Another cruise line has stepped in to offer a three-and-half-year world cruise just weeks after the cancellation of a previous three year cruise.
Start-up company Villa Vie Residences, born out of the old management team of Life at Sea, has just acquired a 30-year-old ship from UK-based Fred. Olsen Cruise Lines.
Villa Vie Residences will offer ownership of apartments or rentals for extended voyages for a departure date of May 2024.
But it comes at a time when multiple companies failed to launch their voyages, sending hundreds of people homeless. Including, a Melbourne woman Fran Paroissien.
Paroissien, 75 took out a reverse mortgage and rented her Hawthorn apartment on a 12-month lease intent on spending her retirement on the world cruise.
The Life at Sea voyage run by Miray Cruises was supposed to have set sail from Istanbul in Turkey on November 1.
But as the dates kept on getting pushed back, Miray Cruises announced a week before the final November 30 departure that they were unable to secure a ship.
Who are Villa Vie?
Villa Vie was started by former members of the Life at Sea executive team, who quit when the original team split in May 2022.
CEO Mikael Petterson, the former managing director of Life at Sea, told CNN the concept was informed by what customers interested in another cruise were telling him.
“I spoke with thousands of people and we created Villa Vie based on what we learned from Life at Sea,” he said.
“People want the flexibility of paying as they go, coming and going, instead of paying upfront for three years. Many wanted to own a cabin and have a say in the business.”
He calls it “quite different” from his previous colleagues’ offering, with a smaller ship and “pay as you go” shorter stays allowed onboard.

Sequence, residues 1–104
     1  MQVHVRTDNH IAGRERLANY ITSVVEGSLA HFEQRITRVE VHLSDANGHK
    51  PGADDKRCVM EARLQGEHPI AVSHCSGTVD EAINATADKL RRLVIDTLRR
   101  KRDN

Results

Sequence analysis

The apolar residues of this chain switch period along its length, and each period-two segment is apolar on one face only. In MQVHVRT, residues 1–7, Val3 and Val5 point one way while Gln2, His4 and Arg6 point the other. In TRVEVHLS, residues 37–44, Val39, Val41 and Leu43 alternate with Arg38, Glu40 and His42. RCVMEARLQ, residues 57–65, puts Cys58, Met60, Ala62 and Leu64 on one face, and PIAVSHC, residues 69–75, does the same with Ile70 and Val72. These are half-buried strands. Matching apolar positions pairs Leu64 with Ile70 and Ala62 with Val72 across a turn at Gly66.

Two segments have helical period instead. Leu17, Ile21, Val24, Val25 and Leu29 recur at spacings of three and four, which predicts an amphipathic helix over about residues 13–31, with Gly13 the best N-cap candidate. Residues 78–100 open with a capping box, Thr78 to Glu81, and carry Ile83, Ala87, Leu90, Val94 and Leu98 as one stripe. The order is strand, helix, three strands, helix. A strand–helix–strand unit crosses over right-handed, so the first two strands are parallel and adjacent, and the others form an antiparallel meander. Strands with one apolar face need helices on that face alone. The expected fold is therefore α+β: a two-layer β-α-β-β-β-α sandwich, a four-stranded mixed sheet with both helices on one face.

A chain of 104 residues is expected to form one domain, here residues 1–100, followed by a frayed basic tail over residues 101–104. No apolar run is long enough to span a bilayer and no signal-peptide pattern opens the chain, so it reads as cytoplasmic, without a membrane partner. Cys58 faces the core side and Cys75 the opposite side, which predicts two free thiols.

Prices are not too far off the introductory offers of Life at Sea, but there are more options.
How much will the three-and-a-half-year world cruise cost?
Those renting – essentially paying for the voyage, as on a normal cruise – will pay US$89 per person per day for an inside cabin.
That works out as US$32,485 per person per year, or US$97,455 for three years. Outside cabins start at US$119 per person per day, and balconies at US$199.
Buying a cabin outright starts at around US$99,000 for an interior, US$149,000 for an outdoor and US$249,000 for a balcony.
Owners must then pay monthly fees of US$1,750 per person, US$2,500 per person, or US$4,000 per person respectively.
The owners can then rent out their villa to other people themselves (at no extra charge). Or, through Villa Vie for a fee.
Those buying a cabin will be guaranteed it for 15 years, which is the estimated life expectancy for the ship.
Petterson says the goal is to buy more ships. The owners will then get a 50% credit to move onto another ship after 15 years.
Prices are based on double occupancy. Solo travellers get discounts of 30% for an internal cabin, 20% for an outside one and 10% for a balcony.
“If you stay for less than three years, it pays to rent. If you’re going for longer than three years, it’s better to buy,” says Petterson.
All food and soft drinks are included, along with alcohol at dinner. WiFi and medical visits (but not procedures or medicines) will also be included for American customers. But it’s not clear whether included medical visits will be available for international guests.
There’ll be weekly housekeeping and bi-weekly laundry service at no extra cost.
The ship will have the capacity for 924 people across 485 cabins and the ship will have an enlarged pool, four Jacuzzis, three restaurants, eight bars, four lounges, a spa, a fitness, centre, a library and a medical centre.
Peterson said Villa Vie will depart as planned and passengers must make a 10% deposit to secure their place.
All deposits are being kept in escrow until February 15, at which point, they will take payment for the first 90 days of the cruise. Payments will then be taken for each segment 90 days before its start date.
The CEO of Villa Vie is confident the cruise will launch as he said private investment has paid for the ship. Petterson says not a cent of people’s deposits will be spent any earlier than February 15.
Now that the vessel has been purchased, the ship will undergo a 10-week refurbishment including a two-week stint in drydock.
Without a doubt, those looking to retire at sea are sceptical. So why would punters trust Villa Vie?
“We are quite different,” Petterson told CNN.
“We’re not asking people for hundreds of thousands of dollars upfront. We’re asking for a small percentage to see who’s serious, and coming.”
And as a bit of goodwill, he’s offering former Life at Sea signups just a 5% deposit.